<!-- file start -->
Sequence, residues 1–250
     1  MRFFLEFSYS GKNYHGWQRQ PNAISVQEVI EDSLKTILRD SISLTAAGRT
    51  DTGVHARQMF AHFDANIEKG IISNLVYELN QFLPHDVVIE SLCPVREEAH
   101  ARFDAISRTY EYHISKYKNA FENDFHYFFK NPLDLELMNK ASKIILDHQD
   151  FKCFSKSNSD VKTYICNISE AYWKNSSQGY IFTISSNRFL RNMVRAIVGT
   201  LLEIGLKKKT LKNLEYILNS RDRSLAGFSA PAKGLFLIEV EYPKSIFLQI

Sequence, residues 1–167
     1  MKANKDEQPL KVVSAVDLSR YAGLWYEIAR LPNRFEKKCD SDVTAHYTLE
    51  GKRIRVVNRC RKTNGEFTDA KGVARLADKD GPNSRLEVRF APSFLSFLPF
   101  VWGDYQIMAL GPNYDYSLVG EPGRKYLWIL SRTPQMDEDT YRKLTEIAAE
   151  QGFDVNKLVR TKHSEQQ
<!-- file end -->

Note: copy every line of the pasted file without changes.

Sequence, residues 1–250
     1  MRFFLEFSYS GKNYHGWQRQ PNAISVQEVI EDSLKTILRD SISLTAAGRT
    51  DTGVHARQMF AHFDANIEKG IISNLVYELN QFLPHDVVIE SLCPVREEAH
   101  ARFDAISRTY EYHISKYKNA FENDFHYFFK NPLDLELMNK ASKIILDHQD
   151  FKCFSKSNSD VKTYICNISE AYWKNSSQGY IFTISSNRFL RNMVRAIVGT
   201  LLEIGLKKKT LKNLEYILNS RDRSLAGFSA PAKGLFLIEV EYPKSIFLQI

Sequence, residues 1–167
     1  MKANKDEQPL KVVSAVDLSR YAGLWYEIAR LPNRFEKKCD SDVTAHYTLE
    51  GKRIRVVNRC RKTNGEFTDA KGVARLADKD GPNSRLEVRF APSFLSFLPF
   101  VWGDYQIMAL GPNYDYSLVG EPGRKYLWIL SRTPQMDEDT YRKLTEIAAE
   151  QGFDVNKLVR TKHSEQQ